[My eyes say it all. I am happy to be here.]

There are a lot of good things to do here. It can be overwhelming with the amount of material I have to learn--and the number of events/activities I could be doing--but I am also learning the value of presentness. Tolstoy was right. In order to live a fulfilling life, we have to embrace and actually live in the moment. That doesn't mean we live for the moment in a "YOLO" sort of way. But we have to be mentally and emotionally present in our interactions with others. Those moments where we are truly present--both in the quotidian and profound--are what make life good to the very center. 

I like it here, but that doesn't mean that things are perfect. I think we can often have the idea (especially as Americans) that life in Oxford, Cambridge, Paris, etc. is like living in a dream. Honestly, it's life. And that means ups and downs, doubts, fears, peace, friends, loneliness, everything. I had some interesting moments this week where I felt poshlost'. It's a theme that features in many Russian novels. Nabokov described it as "not only the obviously trashy, but mainly the falsely important, the falsely beautiful, the falsely clever, the falsely attractive." I felt that this week. There was a moment this week where I felt like I had just stepped into a Gogol novel--which, if you're going to be in any Russian novel, you probably don't want to be in a Gogol novel. Or any Russian novel, really. Things usually don't turn out so well for you.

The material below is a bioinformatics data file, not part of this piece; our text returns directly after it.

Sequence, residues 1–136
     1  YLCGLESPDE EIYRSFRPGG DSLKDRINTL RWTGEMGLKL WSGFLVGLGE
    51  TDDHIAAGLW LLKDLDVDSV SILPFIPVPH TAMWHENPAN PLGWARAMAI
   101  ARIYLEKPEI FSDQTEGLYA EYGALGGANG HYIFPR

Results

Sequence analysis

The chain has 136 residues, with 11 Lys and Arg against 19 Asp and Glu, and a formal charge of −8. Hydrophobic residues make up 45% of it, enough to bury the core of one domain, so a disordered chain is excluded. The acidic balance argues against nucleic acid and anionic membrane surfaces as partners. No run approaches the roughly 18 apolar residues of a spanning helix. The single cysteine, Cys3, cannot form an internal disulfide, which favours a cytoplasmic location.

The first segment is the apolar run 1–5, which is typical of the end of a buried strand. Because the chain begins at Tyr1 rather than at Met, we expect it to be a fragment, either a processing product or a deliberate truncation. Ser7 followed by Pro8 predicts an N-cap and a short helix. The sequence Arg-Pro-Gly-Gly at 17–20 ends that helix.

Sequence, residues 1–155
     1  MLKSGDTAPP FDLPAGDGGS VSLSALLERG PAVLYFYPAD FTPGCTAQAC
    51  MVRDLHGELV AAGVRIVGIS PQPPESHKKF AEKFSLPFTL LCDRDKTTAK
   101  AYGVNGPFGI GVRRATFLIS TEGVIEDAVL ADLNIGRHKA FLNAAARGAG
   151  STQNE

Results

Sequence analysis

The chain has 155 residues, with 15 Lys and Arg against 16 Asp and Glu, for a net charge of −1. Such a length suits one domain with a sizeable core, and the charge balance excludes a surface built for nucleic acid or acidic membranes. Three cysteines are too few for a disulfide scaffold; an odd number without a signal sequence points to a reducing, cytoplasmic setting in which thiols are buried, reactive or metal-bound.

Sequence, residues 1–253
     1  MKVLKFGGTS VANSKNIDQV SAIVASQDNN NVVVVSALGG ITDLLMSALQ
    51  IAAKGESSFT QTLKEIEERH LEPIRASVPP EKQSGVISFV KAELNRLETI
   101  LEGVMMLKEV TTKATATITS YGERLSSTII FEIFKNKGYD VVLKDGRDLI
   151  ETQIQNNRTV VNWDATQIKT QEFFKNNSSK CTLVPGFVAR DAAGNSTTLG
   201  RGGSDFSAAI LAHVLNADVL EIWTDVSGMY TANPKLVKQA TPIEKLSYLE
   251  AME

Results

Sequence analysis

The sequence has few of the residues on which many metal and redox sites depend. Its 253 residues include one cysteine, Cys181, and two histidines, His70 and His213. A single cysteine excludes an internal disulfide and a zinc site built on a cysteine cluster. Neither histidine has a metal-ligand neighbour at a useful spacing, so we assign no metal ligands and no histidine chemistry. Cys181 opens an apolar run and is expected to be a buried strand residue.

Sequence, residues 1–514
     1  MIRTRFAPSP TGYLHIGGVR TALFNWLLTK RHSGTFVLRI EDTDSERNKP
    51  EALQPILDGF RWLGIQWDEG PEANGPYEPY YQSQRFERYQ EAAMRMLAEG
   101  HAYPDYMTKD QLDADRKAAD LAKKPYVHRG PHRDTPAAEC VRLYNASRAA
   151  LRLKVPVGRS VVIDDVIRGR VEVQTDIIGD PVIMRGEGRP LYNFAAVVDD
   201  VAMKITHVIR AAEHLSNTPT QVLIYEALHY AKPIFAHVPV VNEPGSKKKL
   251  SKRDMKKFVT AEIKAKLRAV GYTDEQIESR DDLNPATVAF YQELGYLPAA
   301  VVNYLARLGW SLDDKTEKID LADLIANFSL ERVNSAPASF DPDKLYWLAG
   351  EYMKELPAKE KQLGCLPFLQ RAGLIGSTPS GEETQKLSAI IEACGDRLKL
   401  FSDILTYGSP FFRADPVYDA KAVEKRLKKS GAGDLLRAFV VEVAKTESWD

Anyway, I felt that emptiness that comes from banality, and it surprised me. But I think recognizing that poshlost' for what it is has inspired me to do something about it and make changes to myself and reach out to others to combat it. Not that I'm perfect at doing that. But I have done a lot of soul-searching this week, and that struggle is leading to something good, meaningful, and purposeful. 

I truly believe there is growth that comes from the struggle. The key is that we keep moving forward. 

And I am finding my place and purpose here, one step at a time, for which I am grateful. 

Matriculation: A Lot of Pomp for a Bit of Circumstance

Last Saturday I participated in an important Oxford tradition: Matriculation.

Matriculation is a ceremony which officially recognizes students as members of Oxford University. Back in the day, students had to sit for an exam which was all in Latin to prove that they were ready and worthy to study at Oxford. Today, the Vice Chancellor simply reads a few lines in Latin (saying that we are now officially Oxford students), says a few cheering words, and then we are sent merrily on our way to take pictures of ourselves in our sub-fusc (which is Latin for "dark brown" . . . but we don't wear dark brown clothing for matriculation? . . . oh well).

I know some people don't like ritual. I get it. It can be boring and a bit strange. But I think there is something beautiful in ceremony. It brings together past, present, and future. There are so many students who have matriculated at Oxford and there will be thousands more who will in the future. Standing in the Sheldonian Theatre marked my time at Oxford. A bridge between the past and present, tying us all together.